Where Should you Bank?

If you are like me, you probably can’t remember the last time you went to your bank in person or used cash to purchase something. It’s hard to beat the convenience of swiping your card to purchase something instead of paying with cash and awkwardly trying to collect your change from the cashier and shove it into your wallet or purse so the person in line behind you can check out. If someone hands you a check you probably take a picture of it on your phone and use the mobile deposit in your banking app. It’s that easy. I’ve asked myself over the past two years what is the point of brick and mortar banks? Are there any benefits to banking with an online-only bank? The purpose of this blog is to address the tradeoffs between traditional and online-only banks by analyzing the concerns regarding security, convenience, interest rates, and fees.

 First and foremost, security is the most important function a bank has to offer. If you can’t trust a bank to keep your money safe then why wouldn’t you put it under your mattress? Brick and mortar banks offer a psychological sense of security because handing over money to a bank teller or just having the option to drive to your bank gives you a feeling of security. Handling all your money online can be nerve-racking in the age of hackers and complex online scams. You may be thinking it’s much riskier to be banking online, but the fact is you are just as likely to be hacked banking with your traditional bank as with an online bank. Both banks use the same or similar databases and nearly identical levels of security and encryption. As far as security goes, it’s more important that you exercise proper security precautions when you log into your banking accounts. To make sure that you’re safe, always use secure connections instead of public Wi-Fi and make sure that your bank is backed by the FDIC (Johnson).

How convenient it is to work with your bank and how easy it is to access your money is another critical factor when determining which type of banking method, you would like to use. Online banking might seem like the most convenient option because it offers 24-hour access to your accounts, but this isn’t necessarily true. Almost all traditional banks today offer the same features as online banks with mobile deposits, transfers, and bill pay. These banks typically have their own mobile app which you can control most facets of your account in the same way you would banking through an online-only bank. Online banks present certain hurdles that you wouldn’t have to worry about with more traditional banks such as depositing and withdrawing cash. However, most online banks have agreements with other banks that allow their clients to use their ATMs to withdraw cash for little to no fee. If you need to withdraw more cash than your daily limit from an ATM you might have to get creative by using your debit card to get cash advances or cash back. If you’re like me and you rarely use cash, this might not be too concerning.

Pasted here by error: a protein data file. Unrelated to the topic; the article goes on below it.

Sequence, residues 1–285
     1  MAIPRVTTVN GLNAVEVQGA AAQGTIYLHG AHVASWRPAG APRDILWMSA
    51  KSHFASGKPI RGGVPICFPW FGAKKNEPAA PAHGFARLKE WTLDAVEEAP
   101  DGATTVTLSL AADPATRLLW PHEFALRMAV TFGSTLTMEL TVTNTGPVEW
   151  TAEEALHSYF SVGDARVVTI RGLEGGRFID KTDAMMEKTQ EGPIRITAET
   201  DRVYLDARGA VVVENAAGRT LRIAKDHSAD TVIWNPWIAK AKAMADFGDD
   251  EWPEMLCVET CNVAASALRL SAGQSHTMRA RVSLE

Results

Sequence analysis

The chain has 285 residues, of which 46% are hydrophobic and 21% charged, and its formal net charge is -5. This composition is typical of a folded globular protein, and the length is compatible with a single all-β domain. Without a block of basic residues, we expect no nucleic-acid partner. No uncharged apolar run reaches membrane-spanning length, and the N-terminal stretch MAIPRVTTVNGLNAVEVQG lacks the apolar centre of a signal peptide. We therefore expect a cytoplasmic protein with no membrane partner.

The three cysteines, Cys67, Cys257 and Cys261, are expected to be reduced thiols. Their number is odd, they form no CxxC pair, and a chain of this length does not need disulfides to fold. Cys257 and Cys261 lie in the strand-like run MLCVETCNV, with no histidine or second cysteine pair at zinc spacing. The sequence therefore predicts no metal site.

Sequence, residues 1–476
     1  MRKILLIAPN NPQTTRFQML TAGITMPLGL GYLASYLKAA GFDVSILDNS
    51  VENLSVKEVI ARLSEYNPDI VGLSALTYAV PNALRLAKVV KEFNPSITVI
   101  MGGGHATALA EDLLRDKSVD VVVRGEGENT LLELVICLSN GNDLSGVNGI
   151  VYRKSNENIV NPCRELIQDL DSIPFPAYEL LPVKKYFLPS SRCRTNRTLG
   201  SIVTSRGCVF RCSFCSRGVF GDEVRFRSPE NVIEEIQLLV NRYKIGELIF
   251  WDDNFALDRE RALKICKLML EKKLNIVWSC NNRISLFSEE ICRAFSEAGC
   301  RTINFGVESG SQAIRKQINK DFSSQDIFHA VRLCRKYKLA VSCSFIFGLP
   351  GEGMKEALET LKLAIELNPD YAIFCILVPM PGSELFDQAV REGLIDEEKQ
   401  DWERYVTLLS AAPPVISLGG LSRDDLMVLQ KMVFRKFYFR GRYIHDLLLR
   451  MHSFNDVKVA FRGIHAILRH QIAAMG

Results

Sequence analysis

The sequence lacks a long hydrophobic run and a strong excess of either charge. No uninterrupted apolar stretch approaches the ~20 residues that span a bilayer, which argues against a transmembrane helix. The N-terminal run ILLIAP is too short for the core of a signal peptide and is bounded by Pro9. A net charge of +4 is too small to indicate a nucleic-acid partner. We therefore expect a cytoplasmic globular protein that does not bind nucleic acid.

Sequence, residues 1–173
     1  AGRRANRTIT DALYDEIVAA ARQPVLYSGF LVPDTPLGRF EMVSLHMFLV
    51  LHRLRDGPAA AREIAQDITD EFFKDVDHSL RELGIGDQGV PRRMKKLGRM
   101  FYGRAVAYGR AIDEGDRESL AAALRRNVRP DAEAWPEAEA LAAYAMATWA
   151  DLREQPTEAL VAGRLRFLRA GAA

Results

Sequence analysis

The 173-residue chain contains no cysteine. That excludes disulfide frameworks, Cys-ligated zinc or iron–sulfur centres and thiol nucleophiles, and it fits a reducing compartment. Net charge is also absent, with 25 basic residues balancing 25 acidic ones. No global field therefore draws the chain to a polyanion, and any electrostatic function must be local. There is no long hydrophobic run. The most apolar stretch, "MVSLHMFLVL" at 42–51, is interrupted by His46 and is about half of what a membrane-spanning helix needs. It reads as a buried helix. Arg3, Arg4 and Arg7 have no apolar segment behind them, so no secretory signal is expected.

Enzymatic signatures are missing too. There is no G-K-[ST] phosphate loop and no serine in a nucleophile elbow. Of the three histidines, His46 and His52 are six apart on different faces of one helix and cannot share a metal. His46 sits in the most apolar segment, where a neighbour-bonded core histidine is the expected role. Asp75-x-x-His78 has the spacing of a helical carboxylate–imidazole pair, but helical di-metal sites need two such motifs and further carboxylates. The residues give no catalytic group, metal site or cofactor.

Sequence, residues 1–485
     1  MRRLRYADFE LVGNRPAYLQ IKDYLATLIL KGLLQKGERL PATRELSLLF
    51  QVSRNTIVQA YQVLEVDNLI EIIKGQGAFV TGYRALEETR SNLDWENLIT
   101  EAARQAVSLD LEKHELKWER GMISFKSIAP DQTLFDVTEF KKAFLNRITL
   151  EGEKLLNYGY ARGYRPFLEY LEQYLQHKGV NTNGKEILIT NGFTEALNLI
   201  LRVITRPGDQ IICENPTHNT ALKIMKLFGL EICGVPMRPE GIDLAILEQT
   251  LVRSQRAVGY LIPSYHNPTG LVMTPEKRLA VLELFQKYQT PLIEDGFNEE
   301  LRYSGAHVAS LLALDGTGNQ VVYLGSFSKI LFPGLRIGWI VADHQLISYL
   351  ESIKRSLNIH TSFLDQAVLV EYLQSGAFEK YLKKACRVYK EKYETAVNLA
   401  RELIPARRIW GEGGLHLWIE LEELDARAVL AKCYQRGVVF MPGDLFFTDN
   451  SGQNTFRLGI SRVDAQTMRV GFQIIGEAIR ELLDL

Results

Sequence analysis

One of the most enticing benefits of banking with an online-only bank is that they typically offer better interest rates and lower fees than traditional banks. Online banks have a much lower overhead than traditional banks because they don’t have to pay for the physical presence of the bank, ATM maintenance, and cash services offered by traditional banks and they pass these savings on to their clients. According to MoneyRates.com, the average interest rate on a savings and money market accounts for online banks is 5 to 6 times higher than traditional banks. In addition, online banks often have lower minimum balance requirements and lower fees than traditional banks. These lower fees and requirements are more appealing to younger clients who may have less money.

What type of bank is best for you? If you’re enticed by the features that online banking offers such as mobile deposit and online banking access you don’t have to make the switch from a traditional bank. Nearly all major brick and mortar banks offer some form of these online banking features. If you use or deposit cash often, online banking may not be the best option for you. However, if you’re looking for a bank that has high-interest rates, low fees, and lower minimums, online banking could be a great option for you. Don’t think you have to choose one bank over the other. You have the option to leave some of your money in your traditional bank and put some in an online bank. Do your homework and weigh the pros and cons of each option and whether it makes sense for you to make the switch or do a combination of both.


Johnson, Greg. “Online vs. Traditional Banking: Which Is Better?” The Dough Roller, The Dough Roller, 28 Nov. 2019, www.doughroller.net/banking/online-vs-traditional-banking-which-is-better/.

“Best Savings Accounts of March 2020: MoneyRates.com.” Money, www.money-rates.com/best-savings-accounts.htm.